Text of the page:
- Have a hook – a good headline will always grab attention.
- Develop a well-written storyboard as it should be the payoff to what the engaging hook promises.
- Keep it short because this is a fast-paced platform.
- Add music or sounds to enhance the narrative and make it more entertaining.
- Caption videos so they can be also watched by those whose sound is off.
- Stay informed about the lingo (the slang) your audience uses so you can appeal to them more.
- Use quizzez and polls as they are engaging and very appreciated by the younger generations.
Create your own sponsored lens or filter
This might sound a little ridiculous for those of you who are a bit more conservative but trust me, lenses are insanely popular at the moment. Filters too.
Snapchat has plenty of them built directly into their platform. Instead of posting a regular selfie, users can make the image black and white, apply a filter to make their eyes abnormally large, get a bunny nose, or make it disappear altogether. Some filters for video snaps can even change the pitch of your voice.
Studies show that out of the thirteen million new daily users of Snapchat, seven to nine million were drawn in by these features. And you can get them for your business.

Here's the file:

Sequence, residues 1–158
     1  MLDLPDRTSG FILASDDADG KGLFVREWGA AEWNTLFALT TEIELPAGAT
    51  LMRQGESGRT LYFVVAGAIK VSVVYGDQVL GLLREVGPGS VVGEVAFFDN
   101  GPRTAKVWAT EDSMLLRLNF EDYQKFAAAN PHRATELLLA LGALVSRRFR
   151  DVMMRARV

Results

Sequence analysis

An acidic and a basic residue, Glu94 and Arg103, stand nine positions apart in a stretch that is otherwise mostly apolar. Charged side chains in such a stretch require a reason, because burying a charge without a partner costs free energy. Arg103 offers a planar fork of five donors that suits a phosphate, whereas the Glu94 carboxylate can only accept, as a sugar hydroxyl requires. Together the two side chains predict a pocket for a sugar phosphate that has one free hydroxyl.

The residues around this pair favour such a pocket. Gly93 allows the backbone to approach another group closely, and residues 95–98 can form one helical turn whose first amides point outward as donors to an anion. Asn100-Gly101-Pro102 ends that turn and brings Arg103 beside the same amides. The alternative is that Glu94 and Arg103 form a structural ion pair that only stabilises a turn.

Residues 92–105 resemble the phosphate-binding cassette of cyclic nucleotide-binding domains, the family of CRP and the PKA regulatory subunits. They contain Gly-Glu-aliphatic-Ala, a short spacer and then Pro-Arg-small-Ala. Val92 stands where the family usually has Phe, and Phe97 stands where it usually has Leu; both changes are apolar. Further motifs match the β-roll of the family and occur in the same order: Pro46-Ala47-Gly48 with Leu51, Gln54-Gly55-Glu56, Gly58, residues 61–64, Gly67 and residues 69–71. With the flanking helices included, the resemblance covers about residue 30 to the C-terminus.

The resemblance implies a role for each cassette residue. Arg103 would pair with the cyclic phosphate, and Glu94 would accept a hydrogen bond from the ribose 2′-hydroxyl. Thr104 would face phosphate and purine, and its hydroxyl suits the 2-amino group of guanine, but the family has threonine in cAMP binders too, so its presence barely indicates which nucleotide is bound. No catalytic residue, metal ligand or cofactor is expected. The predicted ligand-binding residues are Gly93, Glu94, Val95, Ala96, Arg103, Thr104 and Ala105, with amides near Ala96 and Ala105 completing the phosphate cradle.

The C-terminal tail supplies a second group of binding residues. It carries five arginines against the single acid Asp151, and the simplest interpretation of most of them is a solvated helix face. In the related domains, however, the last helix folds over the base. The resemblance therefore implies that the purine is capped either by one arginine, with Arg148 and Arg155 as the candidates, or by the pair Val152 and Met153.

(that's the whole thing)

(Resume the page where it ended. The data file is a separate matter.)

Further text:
Gatorade did so during Super Bowl 50, and it turned into one of the most successful Snapchat campaigns on to date. It is tradition for the winning coach to get Gatorade dumped on his head by the players. So Gatorade created a sponsored filter during the game that would simulate Gatorade getting dumped on the user’s head.
If you are selling online courses, you can get creative with what would be the best representation and translate it into a fun filter. It’s an awesome way to get noticed and Snapchat offers a comprehensive guide on how to create lenses and filters.
Think of Saturday Night Live. It’s been around since 1975 and is still going strong. One of its main features is that each episode is presented by a different celebrity who ‘takes over’ by delivering the opening monologue and acting in various skits. It is always exciting.